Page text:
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WB-News will follow in a series of articles the building of a 6,5 m long Mini-Transat boat. This article is the introduction to the series.

Reima Alander, sailmaker at WB-Sails, has launched his Mini-Transat project. With a little help from his friends, Reima plans to finish his boat by the end of summer, to sail the first trials at the beginning of September. WB-News will follow closely the building of the boat. in a series of articles on these pages.

Carving the mold with a robot

The manufacturing process, which uses the latest CAD-CAM technology throughout, is rather unusual and novel. The mold was carved by TwinCam Ltd, in Styrofoam with the help of a computer controlled milling machine. The entire process took some 40 hours, for the deck and the hull mold together.

A rough contour of the boat is first built from 15 cm thick blocks of Styrox. The crafting robot, which can handle pieces of 3x5x10 m at one time, then accurately sculpts the lines of the 6,5 m long and 3 m wide little boat, first at speed with a coarse blade and then with a finer blade to produce a perfectly smooth surface. Once the robot has done its job and the milling is completed, the boat builder, RTM- Composites, finishes off with a plastic covering (exactly how this is done is RTM's big secret) and voilà, the mold is ready for lamination. A substancial saving in labour & construction materials, Stryrofoam is cheap. Of course, at over $100 an hour, the milling is not inexpensive, but the accuracy is unmatched.

Designer Karl-Johan (Kamu) Stråhlman drew the lines with the help of MultiSurf, a relatively new and particularly user-friendly program by Dr. John Letcher. TwinCam's Silicon Graphics workstation had no problem in digesting Kamu's DXF-file. The production method cuts down manufacturing time dramatically: the molds were done in two weeks time after Kamu had completed the design.

We will look closer at the design in a future article.

Frames cut with the laser

Another area of time, labor & materials savings: the frames and girders were cut directly from Divinycell foam with the sailloft's laser cutter. The PC- produced frames were transferred into Plotmaker, a Macintosh- based sail cutting program by Sails Science. In Plotmaker, the 30 or so pieces of Divinycell were nested to minimize material wastage, much the same way as is done with panels & corner patches that form a sail.The cut-out foam cores are then covered with epoxy draped E-glass and vacuum bagged, to form the frames, bulkheads & stiffenings.

With the help of the sailmaking software, the pieces of the frames and bulkheads can be nested into the smallest amount of Divinycell, resulting in material savings. Even more important is the time savings: the cutting process took some 20 minutes, as opposed to several days of hand plotting & cutting from offset tables provided by the designer. Neat!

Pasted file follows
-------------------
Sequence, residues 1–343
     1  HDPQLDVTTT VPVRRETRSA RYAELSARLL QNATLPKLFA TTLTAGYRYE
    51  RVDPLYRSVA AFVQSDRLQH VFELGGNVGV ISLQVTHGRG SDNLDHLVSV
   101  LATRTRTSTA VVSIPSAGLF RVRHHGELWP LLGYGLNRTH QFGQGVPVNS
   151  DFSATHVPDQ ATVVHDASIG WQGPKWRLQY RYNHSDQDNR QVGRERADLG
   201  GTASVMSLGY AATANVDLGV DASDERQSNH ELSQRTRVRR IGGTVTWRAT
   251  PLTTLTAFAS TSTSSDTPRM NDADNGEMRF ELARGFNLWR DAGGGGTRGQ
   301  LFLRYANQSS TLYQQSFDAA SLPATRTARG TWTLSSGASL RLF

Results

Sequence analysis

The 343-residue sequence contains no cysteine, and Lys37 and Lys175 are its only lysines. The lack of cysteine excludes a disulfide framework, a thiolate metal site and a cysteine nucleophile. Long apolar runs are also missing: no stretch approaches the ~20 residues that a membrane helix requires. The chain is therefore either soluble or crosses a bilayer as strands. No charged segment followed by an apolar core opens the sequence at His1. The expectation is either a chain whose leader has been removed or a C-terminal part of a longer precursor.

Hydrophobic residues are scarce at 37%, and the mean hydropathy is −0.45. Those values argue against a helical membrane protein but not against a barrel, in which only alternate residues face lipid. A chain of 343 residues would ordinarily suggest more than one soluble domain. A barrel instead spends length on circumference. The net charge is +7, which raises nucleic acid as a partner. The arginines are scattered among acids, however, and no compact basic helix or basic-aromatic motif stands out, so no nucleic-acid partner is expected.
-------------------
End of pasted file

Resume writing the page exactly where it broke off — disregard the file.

What is the Mini-Transat

The Mini-Transat race goes over the Atlantic in two legs: first from Brest, France to Funchal, in Madeira, and then after a stop at Madeira across the Atlantic to St. Martin in the Caribbean. Single-handed, in a 6,5 m (21 ft) long boat!

The rule for the boat is most simple: Length not more than 6,50 m, max. beam 3,0 m, and maximum height from the bottom of the keel the the top of the mast less than 14 m. There are other rules regarding stability, structures & safety equipment, but it could not be more simple.

The boats have water ballast tanks of 200 liters on each side, and some even use canting keels. The size of the asymmetrical masthead spinnaker is some 80 sqm, and the fully battened mainsail sports a huge roach. The boat is completely over- canvassed, to make the best of the calm moments on the Atlantic crossing, and needs to be reefed almost immediately as the wind starts to build up.

The winner of the -93 edition of the race, Frenchman Thierry Dubois in his boat Amnesty International, reached an incredible average of 8,2 knots across the Atlantic, with a best 24 hours run of 254 miles - alone, in a 6,5 m long boat. On the first leg of the race the fleet was hit by a deep depression 12 hours after the start from Brest. The race committee decided to cancel the race, but not all of the competitors received the canceling notice through their radios. Most turned back at their own will, but three boats sank and their skippers were lost, and masts broke in numbers.

Amnesty International never knew about the canceling but continued beating upwind towards Madeira. The astonishment of the skipper was great when arriving to Funchal, he saw the rest of the fleet awaiting him, transported there by a cargo vessel. ²It was tough all-right, but why should I have given up - this is no picnic anyway², commented the exhausted skipper.

Reiska, the wannabee Minitransit

The journey from behind the sewing machine to the South Atlantic is long and winding, and Reima is in need of many more sponsors before he can fullfill his dream. He hopes to complete the boat by the end of the summer, to do some practicing before setting sail south - away from the cold winds of Autumn that will by December cover our little Gulf of Finland with ice.

The Mini-Transat race itself starts in September -97, so Reiska

TwinCam Ltd Lohja-Lojo, Finland

RTM-composites Ltd Valimotie 11, 00380 Helsinki, Finland
Karl-Johan Stråhlman Björnviksvägen 7 A 11, 02110 Esbo, Finland

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